Ficker faced an uphill battle in his campaign for county executive, his 20th run for political office over more than 40 years.

The GOP candidate had to surmount a numerical disadvantage among registered Republicans in the county and came to the race with a much smaller base of support and far less governing experience than either Floreen or Elrich.

While Ficker hammered on favored points, such as his pledge to not raise taxes or fees, his status as a perennial candidate and former nationally infamous sports heckler made many dismiss him as a serious contender.

He has run for many offices, including school board and Congress, winning only a state delegate race in 1978.

But some voters were turned off by Ficker’s history. Steve Solomon, 61, an attorney from Potomac, said Ficker “doesn’t have any substance.”

“I don’t want my county executive to be known as a heckler at sports events,” Solomon said.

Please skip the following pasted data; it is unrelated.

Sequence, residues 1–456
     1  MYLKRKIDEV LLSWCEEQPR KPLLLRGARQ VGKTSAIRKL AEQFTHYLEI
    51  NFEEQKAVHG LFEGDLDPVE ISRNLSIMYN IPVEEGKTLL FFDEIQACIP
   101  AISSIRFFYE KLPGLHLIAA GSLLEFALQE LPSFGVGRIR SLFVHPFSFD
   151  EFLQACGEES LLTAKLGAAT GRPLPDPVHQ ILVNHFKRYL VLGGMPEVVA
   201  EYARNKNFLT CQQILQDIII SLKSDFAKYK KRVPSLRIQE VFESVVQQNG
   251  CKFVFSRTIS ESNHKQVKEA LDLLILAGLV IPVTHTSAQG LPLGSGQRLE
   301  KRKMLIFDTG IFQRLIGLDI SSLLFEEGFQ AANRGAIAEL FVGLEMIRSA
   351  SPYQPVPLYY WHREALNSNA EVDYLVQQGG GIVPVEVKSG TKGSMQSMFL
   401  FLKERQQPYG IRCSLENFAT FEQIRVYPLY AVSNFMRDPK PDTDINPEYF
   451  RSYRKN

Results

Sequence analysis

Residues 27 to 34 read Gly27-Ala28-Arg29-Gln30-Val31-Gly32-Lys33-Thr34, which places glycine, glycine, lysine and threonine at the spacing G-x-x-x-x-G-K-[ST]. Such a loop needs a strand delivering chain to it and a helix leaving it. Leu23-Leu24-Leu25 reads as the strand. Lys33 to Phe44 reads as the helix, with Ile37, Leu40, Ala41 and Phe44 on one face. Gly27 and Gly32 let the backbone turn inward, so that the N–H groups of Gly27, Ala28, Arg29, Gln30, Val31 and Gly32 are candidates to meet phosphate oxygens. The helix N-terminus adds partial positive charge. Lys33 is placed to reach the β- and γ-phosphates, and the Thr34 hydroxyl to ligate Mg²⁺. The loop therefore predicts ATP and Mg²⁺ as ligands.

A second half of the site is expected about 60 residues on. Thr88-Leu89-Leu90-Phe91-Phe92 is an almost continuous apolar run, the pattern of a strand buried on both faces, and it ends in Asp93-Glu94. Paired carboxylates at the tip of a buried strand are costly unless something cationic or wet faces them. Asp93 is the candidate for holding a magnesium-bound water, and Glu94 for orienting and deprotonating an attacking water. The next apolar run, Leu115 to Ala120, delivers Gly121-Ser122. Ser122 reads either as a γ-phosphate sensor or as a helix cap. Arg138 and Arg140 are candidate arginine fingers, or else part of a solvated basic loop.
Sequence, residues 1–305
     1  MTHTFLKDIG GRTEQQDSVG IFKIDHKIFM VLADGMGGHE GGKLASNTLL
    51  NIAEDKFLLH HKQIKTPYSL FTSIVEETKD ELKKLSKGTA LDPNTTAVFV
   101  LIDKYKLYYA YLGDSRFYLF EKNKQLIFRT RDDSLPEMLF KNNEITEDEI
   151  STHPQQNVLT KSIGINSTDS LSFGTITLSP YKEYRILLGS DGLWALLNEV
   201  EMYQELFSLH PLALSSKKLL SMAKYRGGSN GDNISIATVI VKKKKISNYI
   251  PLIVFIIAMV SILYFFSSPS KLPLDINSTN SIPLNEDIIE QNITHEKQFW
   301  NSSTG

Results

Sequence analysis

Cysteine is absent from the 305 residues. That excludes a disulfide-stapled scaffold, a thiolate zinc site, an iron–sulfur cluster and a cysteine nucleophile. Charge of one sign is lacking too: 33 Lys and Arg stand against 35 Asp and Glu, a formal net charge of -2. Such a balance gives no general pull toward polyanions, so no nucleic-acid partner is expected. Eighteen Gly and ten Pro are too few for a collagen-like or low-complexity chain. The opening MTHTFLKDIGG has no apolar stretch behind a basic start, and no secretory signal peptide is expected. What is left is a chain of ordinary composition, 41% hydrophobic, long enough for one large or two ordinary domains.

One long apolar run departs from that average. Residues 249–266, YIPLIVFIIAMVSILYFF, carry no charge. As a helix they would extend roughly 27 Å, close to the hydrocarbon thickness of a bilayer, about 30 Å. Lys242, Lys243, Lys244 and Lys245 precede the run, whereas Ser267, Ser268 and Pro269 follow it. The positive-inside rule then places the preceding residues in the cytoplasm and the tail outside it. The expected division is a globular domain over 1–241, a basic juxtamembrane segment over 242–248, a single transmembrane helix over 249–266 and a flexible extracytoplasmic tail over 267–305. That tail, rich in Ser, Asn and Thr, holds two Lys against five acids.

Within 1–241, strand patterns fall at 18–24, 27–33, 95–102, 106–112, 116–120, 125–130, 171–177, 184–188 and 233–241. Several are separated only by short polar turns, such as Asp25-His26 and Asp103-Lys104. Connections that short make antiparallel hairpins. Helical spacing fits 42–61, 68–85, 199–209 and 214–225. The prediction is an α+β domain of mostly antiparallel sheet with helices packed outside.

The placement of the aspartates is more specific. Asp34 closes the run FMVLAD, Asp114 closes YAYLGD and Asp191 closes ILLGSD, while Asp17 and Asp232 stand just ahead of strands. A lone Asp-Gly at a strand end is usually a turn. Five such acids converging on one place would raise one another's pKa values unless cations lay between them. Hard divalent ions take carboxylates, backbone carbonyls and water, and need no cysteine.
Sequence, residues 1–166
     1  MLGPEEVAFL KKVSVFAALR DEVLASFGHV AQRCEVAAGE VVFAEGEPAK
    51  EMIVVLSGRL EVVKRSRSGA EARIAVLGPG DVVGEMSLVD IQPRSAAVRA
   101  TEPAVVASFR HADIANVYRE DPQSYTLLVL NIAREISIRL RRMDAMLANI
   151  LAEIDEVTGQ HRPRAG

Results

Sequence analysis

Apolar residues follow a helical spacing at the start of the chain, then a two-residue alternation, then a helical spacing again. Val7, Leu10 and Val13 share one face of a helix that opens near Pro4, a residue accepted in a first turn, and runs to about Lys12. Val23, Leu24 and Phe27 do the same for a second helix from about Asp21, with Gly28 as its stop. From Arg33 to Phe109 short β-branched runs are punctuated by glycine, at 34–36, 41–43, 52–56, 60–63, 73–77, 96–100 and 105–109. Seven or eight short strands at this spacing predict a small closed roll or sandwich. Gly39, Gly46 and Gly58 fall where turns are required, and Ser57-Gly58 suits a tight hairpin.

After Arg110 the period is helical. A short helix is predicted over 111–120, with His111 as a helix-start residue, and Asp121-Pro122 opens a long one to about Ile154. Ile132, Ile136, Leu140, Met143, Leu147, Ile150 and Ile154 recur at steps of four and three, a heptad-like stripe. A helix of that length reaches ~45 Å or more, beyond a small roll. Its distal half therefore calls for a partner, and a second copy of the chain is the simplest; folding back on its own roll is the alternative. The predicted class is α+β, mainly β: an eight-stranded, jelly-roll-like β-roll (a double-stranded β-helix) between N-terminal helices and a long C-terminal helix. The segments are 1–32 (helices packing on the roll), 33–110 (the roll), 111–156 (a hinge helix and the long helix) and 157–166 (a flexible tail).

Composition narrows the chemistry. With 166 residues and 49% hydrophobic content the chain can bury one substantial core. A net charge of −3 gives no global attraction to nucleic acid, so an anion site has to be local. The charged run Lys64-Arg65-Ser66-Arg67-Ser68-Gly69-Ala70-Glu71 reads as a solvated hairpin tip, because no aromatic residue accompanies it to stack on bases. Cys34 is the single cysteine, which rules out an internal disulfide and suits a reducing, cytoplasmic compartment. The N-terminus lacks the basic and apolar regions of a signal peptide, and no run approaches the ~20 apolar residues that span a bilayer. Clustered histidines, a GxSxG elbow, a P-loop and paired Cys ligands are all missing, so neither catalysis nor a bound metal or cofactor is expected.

Elrich used the county’s new public campaign finance system, which matches small donations with taxpayer funds. He maxed out on the amount of public money he could get for both the primary and general elections — a total of $1.5 million.

Floreen, who entered the race too late to qualify for public financing, was free to solicit donations of up to $6,000. She raised nearly $830,000 between early July and late October, with the final tally still to be reported — although she told supporters Tuesday night that her campaign raised $930,000.